The third tranche were Canadair CL-234Bs which reverted to the CL-234 equipment fit. Deliveries of these aircraft began in 1986 as CP-140 Auroras - DND making no distinction between first and third tranches. In the early 1990s, a modernization programme was begun - the AAMP (the Aurora/Arcturus Mid-life Project). Under AAMP, the CP-140A received the CP-140's Texas Instrument AN/APS-507 SAR surface search radar set and AN/ASQ-502 MAD antenna. Once new satcom receiver antennae were installed above the cockpits of both 'AAMPed' CP-140s and CP-140As, the two variants became all but indistinguishable.

_______________________________________

[1] At Canadair, the Vanguard was always associated with the earlier name Vickers - not with BAC.
"The trouble ... is that I am really doing it completely backward. Investigation is the only agenda I have. If people are asking for clarification, they will be out of luck." - William Gibson

Offline kitnut617

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Re: Airliners to Maritime Patrol Aircraft
« Reply #28 on: June 16, 2022, 09:24:00 PM »
Aaaagh! now you done it Stephen, Vanguards with panniers ----- where am I going to find the time ---

Offline GTX_Admin

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Re: Airliners to Maritime Patrol Aircraft
« Reply #29 on: June 17, 2022, 01:43:50 AM »
 :smiley:
All hail the God of Frustration!!!

You can't outrun Death forever.
But you can make the Bastard work for it.

Offline apophenia

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Re: Airliners to Maritime Patrol Aircraft
« Reply #30 on: June 17, 2022, 05:23:11 AM »
Robert: I thought you might like those 'Mudguard' derivatives  ;D

Okay, the next one is a bit of 'recycling' of a sort. And 'airliner' is a bit of a stretch but ...

Global Ambitions

The RCAF took on an entire family of aircraft based upon Bombardier's BD-700-1A10 Global Express airframe. The first was the Bombardier CC-244A VIP transport. The second, the CC-244B(T) tanker transport (basically a CC-244A fitted with wing pylons and plumbed for the IFR role). The third was the CP-244C maritime patrol aircraft.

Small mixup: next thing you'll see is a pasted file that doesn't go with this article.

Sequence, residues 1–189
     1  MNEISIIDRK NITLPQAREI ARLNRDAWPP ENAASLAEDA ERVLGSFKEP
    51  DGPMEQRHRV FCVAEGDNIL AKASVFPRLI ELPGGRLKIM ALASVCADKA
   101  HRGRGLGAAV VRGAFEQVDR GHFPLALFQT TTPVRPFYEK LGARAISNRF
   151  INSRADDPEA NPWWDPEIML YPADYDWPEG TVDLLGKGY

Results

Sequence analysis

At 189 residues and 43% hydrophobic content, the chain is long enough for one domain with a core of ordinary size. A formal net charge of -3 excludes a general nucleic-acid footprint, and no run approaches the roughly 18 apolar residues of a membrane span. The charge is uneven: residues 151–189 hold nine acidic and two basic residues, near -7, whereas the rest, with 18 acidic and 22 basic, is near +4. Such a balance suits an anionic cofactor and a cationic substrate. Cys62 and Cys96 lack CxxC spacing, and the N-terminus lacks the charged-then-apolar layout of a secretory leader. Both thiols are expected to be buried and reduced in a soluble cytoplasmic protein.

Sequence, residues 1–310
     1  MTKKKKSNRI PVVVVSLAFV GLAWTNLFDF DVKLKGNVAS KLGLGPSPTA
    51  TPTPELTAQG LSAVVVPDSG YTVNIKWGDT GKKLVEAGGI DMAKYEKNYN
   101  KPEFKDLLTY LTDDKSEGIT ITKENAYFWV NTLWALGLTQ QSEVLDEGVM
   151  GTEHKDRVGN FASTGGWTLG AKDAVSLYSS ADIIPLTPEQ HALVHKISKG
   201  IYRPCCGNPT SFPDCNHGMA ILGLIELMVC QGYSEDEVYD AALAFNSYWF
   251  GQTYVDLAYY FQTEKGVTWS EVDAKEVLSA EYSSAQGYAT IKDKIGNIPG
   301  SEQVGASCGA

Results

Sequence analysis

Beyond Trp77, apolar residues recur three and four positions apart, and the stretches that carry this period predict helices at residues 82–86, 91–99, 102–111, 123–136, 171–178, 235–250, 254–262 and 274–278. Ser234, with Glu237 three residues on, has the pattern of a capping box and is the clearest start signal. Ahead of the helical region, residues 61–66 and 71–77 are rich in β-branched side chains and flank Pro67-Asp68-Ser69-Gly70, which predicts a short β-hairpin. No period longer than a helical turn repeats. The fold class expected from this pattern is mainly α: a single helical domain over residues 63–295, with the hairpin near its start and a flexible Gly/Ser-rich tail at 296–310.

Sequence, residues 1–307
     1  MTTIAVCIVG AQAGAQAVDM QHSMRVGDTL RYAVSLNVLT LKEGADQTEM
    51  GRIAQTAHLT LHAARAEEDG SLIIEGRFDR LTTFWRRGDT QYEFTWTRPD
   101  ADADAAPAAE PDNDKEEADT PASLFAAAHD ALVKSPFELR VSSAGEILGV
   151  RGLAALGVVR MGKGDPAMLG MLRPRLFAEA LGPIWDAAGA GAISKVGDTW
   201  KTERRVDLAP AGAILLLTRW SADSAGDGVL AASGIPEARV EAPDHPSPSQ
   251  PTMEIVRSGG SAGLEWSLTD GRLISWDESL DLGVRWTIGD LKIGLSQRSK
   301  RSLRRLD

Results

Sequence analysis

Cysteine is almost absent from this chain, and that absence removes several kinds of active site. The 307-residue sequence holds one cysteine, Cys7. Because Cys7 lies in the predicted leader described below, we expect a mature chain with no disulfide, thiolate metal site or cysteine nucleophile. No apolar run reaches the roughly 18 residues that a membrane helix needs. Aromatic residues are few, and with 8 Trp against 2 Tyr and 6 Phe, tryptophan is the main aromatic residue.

"The trouble ... is that I am really doing it completely backward. Investigation is the only agenda I have. If people are asking for clarification, they will be out of luck." - William Gibson

Offline GTX_Admin

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Re: Airliners to Maritime Patrol Aircraft
« Reply #31 on: June 18, 2022, 02:22:14 AM »
 :smiley:
All hail the God of Frustration!!!

You can't outrun Death forever.
But you can make the Bastard work for it.

Offline apophenia

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Re: Airliners to Maritime Patrol Aircraft
« Reply #32 on: June 23, 2022, 10:32:42 AM »
My take on Maritime Patrol variants of the Convair CV-220 series ...

Top Canadair CP-109 Cosmos, a maritime patrol trainer (and later, CP-121 Tracker replacement) of 404 Maritime Patrol and Training Squadron.

On the West Coast, CP-109s were assigned to a 404 Flight which was a lodger unit with 407 Maritime Patrol Squadron based at CFB Comox. Thu West Coast Cosmos wore both the 404 Sqn badge (on the portside, aft of the door) and the winged trident of 407 Maritime Patrol Squadron (on the tailfin).

Bottom IAI-Convair 240N Cormorant (Kurmorn in Hebrew) of the Israeli Air Force at Ramat David Air Base in 1966.

The Convairs arrived in Israeli through circuitous circumstances. Both aircraft #945 and #946 had previously flown with Air Jordan, based out of Jerusalem. [1] When that Jordanian carrier folded in the Summer of 1961, both aircraft were transferred to US Foreign Air Transport Development Inc. The ex-Jordanian Convairs were relocated to Nicosia, Cyprus, for collection by American carrier, Johnson Flying Service (JFS) of Missoula. [2] But JFS never collected 'its' aircraft. Instead, the Convair pair next ended up at the Elbit facility in Haifa, Israel.

Elbit transformed the airframes into IAI-Convair 240N maritime surveillance aircraft. The Hebrew name Kurmorn (Cormorant) was applied but the two MPAs were invariably referred to as Convair Cormorant. The two IAI-Convair 240Ns served for just over a decade flying patrols from Ramat David AB. Both were replaced by jet-propelled IAI 1124N Sea Scan/Shahaf (Seagull) jets - MPA derivatives of the IAI 1124 Westwind bizjet.

___________________________________

[1] From 1959 to 1961, Air Jordan leased three FATDI-supplied Convair CV-240-2s - JY-ACA (c/n 71), JY-ACB (w/o when crashed outside Amman in 22 Jan 1959), and JY-ACC (c/n 84, ex-Iran Air).

[2] Johnson Flying Service was almost certainly a front company for the Central Intelligence Agency. But then, the Foreign Air Transport Development Inc. was also probably tied in with Air Branch - the aviation wing of the CIA's Special Activities Division.